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After FukushimaThe Equivalence of Catastrophes$
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Jean-Luc Nancy

Print publication date: 2014

Print ISBN-13: 9780823263387

Published to Fordham Scholarship Online: May 2015

DOI: 10.5422/fordham/9780823263387.001.0001

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PRINTED FROM FORDHAM SCHOLARSHIP ONLINE (www.fordham.universitypressscholarship.com). (c) Copyright Fordham University Press, 2019. All Rights Reserved. An individual user may print out a PDF of a single chapter of a monograph in FSO for personal use.date: 20 October 2019

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Chapter:
(p.24) 6
Source:
After Fukushima
Author(s):

Jean-Luc Nancy

, Charlotte Mandell
Publisher:
Fordham University Press
DOI:10.5422/fordham/9780823263387.003.0007

This chapter discusses equivalence. The equivalence of the disaster of Fukushima and other catastrophes goes beyond the military and general use of nuclear power, but to the powers humanity has endowed itself with. Equivalence is governing oneself with forces that dictate. Hence, a broken nuclear reactor is no less equal than the excess used to control and manipulate it. For example, coal and oil have brought problems that have exceeded the political and technological capabilities of those who are controlling them. What is inevitable to follow is an ever increasing form of interdependence, becoming more complex, so that there is no end to manipulation and techniques. These are also obviously intertwined. In this complicated state of things, equivalence exists. Relations no longer count; if there is any, it is termed incommensurable.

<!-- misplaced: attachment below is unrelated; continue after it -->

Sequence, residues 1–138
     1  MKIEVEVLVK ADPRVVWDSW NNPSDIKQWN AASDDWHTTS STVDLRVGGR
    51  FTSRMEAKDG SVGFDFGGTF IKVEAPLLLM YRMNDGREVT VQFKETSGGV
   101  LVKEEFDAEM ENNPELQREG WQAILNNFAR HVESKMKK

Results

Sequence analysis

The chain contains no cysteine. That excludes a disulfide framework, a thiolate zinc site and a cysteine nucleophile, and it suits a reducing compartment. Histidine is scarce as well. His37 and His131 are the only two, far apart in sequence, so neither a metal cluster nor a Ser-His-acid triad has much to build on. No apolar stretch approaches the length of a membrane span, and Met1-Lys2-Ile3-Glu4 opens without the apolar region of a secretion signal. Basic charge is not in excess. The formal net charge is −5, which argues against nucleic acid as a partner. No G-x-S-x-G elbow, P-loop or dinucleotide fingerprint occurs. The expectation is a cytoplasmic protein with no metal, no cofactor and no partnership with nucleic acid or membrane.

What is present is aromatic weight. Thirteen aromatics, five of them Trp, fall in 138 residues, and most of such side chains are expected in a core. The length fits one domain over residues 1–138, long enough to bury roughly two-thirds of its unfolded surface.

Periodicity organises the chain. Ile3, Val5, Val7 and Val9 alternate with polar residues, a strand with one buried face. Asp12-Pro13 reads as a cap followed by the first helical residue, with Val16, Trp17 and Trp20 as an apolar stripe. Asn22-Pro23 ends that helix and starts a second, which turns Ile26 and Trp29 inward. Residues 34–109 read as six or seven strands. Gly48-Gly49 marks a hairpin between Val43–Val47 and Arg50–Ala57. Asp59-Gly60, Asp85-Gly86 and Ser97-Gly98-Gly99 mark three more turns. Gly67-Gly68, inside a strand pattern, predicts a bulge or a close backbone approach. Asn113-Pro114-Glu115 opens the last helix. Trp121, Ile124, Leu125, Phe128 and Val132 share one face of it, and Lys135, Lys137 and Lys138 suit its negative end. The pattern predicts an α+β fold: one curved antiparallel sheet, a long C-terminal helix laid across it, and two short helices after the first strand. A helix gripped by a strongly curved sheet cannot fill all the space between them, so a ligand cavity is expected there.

Keywords:   equivalence, Fukushima, nuclear power, nuclear reactor

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